Like it or not, our diets have to change. According to scientists, we’re on track to destroy the environment. Failure to rein in our consumption habits will eventually lead to catastrophic climate change.
But the problems could come sooner than we think – by 2050 (just 30 years from now) there is estimated to be 10 billion people in the world. If those of us in developed countries don’t change the way we eat, growing populations elsewhere will starve.
That’s not to mention the problem of our ever expanding waistlines. In the UK, 29% of adults are now classified as obese and in the US the statistics are even worse – 40% of adults are obese. The rates of obesity in western countries are rising at alarming levels, putting a huge strain on health systems.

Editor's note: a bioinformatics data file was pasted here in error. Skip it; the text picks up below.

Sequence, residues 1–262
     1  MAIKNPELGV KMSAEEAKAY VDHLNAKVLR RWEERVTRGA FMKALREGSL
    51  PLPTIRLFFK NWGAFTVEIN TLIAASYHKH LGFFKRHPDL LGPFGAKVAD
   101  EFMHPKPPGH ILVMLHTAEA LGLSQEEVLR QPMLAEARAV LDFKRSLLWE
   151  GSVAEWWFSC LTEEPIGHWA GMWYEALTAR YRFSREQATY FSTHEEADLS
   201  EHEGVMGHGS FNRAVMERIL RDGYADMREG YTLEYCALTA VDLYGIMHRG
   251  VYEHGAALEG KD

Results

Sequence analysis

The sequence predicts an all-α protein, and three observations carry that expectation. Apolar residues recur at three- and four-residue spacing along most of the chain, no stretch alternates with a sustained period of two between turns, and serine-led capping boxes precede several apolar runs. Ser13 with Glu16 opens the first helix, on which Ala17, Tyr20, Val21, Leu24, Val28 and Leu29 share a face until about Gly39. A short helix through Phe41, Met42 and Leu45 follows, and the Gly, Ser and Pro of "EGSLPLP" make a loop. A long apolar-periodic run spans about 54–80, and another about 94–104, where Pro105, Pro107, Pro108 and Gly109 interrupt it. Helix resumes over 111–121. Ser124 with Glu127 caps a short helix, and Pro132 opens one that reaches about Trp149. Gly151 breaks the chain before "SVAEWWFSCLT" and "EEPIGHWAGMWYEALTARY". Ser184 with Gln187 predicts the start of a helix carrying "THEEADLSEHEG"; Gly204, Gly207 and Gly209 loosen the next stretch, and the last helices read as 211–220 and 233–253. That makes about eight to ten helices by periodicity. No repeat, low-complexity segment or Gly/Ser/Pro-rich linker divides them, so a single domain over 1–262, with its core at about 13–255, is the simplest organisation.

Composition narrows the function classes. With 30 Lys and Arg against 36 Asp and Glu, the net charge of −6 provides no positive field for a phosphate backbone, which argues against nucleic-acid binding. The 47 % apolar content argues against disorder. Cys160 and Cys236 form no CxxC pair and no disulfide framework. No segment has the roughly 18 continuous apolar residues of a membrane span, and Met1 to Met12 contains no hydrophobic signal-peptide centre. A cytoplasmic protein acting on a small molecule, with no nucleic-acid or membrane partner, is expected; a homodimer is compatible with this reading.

It’s a perfect storm and the food industry is being called on to help divert it. A study conducted by the EAT-Lancet Commission (an international commission of 37 scientists) states that we should drastically cut our consumption of red meat, white meat, and fish, eating no more than one or two servings of each per week. The targets are similarly stringent for other animal products, such as eggs and milk.
The ‘Planetary Health Diet’ also advises that we halve our sugar consumption, while doubling our intake of nuts, fruits, vegetables and legumes. Switching to a primarily plant-based diet would reduce greenhouse gas emissions by 80% the researchers suggest.
While the diet may seem dramatic, it offers a real solution to the encroaching crisis. But are we as a nation prepared to change? We wanted to test UK consumers’ willingness to adjust their eating and drinking habits in order to protect the environment, as well as their own health.
To do this, Attest surveyed 1,000 working age UK consumers. We also took the opportunity to ask them about their current diets, their concerns about food and the challenges they face in eating well.